I provide a compact reformulation of Carnap’s conditions of adequacy for the analytic and the synthetic component of a theory and show that, contrary to arguments by Winnie and Demopoulos, Carnap’s conditions of adequacy need not be supplemented by another condition. This has immediate implications for the analytic component of reduction sentences.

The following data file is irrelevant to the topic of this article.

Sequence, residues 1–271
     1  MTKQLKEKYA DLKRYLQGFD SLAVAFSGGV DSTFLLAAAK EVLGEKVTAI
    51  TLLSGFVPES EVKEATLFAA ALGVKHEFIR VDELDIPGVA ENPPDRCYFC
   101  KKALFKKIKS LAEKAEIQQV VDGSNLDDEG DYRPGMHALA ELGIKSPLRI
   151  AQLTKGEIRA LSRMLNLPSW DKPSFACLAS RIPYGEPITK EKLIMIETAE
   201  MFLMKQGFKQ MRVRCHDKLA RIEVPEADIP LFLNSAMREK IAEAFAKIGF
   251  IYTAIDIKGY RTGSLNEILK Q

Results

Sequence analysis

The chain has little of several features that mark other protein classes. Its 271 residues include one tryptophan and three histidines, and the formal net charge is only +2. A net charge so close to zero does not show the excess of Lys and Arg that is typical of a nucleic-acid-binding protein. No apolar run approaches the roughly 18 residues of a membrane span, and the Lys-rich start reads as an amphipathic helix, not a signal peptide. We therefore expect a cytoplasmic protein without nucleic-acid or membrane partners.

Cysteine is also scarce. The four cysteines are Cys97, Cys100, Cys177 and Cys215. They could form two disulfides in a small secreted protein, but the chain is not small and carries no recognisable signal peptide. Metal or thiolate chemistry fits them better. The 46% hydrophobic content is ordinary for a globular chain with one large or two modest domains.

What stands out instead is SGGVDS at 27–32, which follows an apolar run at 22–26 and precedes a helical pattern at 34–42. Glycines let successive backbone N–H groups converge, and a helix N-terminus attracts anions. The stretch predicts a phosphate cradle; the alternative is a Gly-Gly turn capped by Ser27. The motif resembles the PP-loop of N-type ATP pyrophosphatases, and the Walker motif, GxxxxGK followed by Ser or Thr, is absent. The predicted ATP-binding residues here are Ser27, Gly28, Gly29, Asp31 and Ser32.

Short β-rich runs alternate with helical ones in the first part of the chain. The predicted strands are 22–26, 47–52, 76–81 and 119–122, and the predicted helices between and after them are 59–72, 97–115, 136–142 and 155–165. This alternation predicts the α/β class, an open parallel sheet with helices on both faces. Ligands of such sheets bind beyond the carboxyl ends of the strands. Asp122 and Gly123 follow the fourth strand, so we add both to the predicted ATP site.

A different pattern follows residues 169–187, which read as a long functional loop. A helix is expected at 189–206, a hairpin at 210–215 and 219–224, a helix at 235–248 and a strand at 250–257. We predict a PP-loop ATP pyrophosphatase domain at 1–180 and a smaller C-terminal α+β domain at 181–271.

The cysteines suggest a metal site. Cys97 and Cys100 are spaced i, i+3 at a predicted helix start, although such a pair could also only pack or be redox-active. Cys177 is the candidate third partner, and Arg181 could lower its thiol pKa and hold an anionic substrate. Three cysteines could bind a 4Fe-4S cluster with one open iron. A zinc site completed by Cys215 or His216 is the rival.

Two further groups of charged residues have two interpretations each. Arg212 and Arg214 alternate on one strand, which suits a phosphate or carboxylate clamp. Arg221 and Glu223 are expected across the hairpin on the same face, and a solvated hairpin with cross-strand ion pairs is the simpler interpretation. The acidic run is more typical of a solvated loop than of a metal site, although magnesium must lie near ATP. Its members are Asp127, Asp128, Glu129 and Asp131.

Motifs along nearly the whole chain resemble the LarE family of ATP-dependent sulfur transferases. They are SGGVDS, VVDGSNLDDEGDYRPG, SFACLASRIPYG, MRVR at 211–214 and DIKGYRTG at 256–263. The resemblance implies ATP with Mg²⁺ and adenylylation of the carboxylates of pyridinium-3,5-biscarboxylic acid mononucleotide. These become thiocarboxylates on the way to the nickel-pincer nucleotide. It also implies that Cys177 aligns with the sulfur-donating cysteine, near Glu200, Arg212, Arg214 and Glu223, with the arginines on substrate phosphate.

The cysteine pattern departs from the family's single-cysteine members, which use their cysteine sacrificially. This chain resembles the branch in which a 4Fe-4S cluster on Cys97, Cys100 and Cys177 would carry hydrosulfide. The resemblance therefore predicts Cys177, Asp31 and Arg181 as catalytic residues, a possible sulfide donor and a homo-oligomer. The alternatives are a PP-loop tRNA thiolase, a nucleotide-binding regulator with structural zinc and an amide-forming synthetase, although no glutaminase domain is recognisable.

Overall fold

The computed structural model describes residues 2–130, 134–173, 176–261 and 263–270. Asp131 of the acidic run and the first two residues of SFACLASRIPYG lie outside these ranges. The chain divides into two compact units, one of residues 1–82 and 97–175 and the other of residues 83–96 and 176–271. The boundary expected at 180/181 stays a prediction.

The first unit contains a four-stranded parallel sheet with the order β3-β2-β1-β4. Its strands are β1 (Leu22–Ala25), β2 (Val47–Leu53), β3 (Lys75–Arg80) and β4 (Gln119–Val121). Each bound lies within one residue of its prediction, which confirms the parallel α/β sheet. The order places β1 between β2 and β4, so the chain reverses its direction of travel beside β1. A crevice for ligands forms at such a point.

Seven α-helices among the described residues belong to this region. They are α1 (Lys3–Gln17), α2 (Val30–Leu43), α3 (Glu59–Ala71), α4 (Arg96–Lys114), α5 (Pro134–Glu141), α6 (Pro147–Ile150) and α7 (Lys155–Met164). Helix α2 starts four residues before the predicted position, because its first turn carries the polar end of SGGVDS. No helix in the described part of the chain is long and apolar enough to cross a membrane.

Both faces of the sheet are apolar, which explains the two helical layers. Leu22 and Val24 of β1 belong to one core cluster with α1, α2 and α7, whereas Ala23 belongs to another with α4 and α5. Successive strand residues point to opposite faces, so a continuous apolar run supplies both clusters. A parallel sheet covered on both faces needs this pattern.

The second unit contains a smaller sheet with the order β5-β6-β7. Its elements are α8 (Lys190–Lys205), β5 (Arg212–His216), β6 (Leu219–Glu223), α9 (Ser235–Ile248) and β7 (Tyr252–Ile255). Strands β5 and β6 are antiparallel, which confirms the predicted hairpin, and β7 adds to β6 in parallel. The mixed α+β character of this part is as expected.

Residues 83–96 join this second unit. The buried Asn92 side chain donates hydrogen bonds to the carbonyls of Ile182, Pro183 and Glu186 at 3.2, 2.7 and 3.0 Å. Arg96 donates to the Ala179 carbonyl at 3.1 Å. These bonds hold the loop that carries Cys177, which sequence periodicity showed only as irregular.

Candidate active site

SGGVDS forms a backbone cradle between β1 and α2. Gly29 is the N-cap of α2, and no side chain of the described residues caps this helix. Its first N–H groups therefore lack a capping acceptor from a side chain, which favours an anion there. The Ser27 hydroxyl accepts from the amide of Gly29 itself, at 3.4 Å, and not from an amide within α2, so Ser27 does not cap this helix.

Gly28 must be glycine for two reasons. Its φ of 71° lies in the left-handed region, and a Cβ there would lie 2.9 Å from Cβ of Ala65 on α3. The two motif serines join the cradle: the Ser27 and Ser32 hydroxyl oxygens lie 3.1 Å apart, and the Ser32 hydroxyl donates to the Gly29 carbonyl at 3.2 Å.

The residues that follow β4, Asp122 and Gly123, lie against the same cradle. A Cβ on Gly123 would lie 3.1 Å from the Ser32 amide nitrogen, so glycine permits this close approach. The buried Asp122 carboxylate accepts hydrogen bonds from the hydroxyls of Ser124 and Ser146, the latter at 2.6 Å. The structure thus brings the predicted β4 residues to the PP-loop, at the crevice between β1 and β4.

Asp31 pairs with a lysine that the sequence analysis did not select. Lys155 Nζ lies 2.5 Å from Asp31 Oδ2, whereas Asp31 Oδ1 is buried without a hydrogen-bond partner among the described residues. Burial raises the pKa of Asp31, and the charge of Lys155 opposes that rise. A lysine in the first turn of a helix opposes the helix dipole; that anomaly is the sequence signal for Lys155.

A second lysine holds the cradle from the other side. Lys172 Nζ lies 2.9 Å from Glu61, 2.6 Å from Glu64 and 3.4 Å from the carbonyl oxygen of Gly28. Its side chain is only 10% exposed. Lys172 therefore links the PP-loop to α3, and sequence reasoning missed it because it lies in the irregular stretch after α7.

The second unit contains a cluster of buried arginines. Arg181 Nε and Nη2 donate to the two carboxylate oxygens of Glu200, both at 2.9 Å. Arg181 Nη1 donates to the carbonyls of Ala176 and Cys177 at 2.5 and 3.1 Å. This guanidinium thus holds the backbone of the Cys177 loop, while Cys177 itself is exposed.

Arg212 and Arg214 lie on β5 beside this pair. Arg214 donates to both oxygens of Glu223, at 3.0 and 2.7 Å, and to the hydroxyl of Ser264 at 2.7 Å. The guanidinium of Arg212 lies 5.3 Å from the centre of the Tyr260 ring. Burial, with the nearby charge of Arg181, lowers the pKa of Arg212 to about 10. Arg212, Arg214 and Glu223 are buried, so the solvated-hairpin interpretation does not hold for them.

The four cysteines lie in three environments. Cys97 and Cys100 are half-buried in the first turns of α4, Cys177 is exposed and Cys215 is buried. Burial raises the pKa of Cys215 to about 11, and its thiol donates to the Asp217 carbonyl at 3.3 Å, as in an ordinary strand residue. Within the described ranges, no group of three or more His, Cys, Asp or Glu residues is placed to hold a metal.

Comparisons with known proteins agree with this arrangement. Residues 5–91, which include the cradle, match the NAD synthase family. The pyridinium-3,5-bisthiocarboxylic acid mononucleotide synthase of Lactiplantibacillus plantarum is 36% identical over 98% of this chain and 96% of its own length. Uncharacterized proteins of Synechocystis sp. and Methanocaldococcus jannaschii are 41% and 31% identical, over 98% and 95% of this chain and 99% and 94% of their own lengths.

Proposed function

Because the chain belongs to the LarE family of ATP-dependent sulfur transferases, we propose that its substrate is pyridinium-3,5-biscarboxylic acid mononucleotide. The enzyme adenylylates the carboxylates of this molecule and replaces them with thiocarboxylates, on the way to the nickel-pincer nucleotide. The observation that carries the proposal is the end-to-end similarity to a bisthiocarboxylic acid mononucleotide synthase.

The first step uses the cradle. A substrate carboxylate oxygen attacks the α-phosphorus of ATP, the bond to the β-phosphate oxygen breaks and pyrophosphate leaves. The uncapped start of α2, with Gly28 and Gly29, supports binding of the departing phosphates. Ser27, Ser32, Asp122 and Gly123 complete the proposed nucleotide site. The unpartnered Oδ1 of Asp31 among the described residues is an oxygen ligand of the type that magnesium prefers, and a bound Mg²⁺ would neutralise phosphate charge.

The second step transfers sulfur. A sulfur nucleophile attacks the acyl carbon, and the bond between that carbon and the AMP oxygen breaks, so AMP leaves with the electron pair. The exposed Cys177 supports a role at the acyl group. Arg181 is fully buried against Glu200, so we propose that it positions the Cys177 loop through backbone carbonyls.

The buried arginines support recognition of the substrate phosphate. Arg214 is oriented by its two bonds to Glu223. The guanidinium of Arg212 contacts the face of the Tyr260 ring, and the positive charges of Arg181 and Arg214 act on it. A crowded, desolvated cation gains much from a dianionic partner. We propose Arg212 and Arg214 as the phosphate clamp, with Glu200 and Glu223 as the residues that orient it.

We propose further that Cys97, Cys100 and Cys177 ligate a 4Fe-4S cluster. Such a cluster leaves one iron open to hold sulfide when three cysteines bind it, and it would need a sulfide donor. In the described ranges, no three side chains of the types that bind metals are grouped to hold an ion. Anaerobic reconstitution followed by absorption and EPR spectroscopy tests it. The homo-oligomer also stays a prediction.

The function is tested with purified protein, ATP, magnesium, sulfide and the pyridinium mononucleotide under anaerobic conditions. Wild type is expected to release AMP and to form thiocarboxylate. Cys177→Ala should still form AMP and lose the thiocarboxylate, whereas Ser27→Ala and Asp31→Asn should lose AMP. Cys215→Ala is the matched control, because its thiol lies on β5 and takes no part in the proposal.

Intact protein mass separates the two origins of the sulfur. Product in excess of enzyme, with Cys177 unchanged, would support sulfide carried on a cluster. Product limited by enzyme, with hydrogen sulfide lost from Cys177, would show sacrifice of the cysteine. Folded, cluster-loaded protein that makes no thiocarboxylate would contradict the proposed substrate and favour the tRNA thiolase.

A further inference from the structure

There are two ways of reading Newman’s objection to Russell’s structuralism. One assumes that according to Russell, our knowledge of a theory about the external world is captured by an existential generalization on all non-logical symbols of the theory. Under this reading, our knowledge amounts to a cardinality claim. Another reading assumes that our knowledge singles out a structure in Russell’s (and Newman’s) sense: a model theoretic structure that is determined up to isomorphism. Under this reading, our knowledge is far (...) from trivial, for it amounts to knowledge of the structure of the relations between objects, but not their identity. Newman’s objection is then but an expression of structural realism. Since therefore the content of theories is described by classes of structures closed under isomorphism, the most natural description of a theory in structural realism is syntactic. (shrink)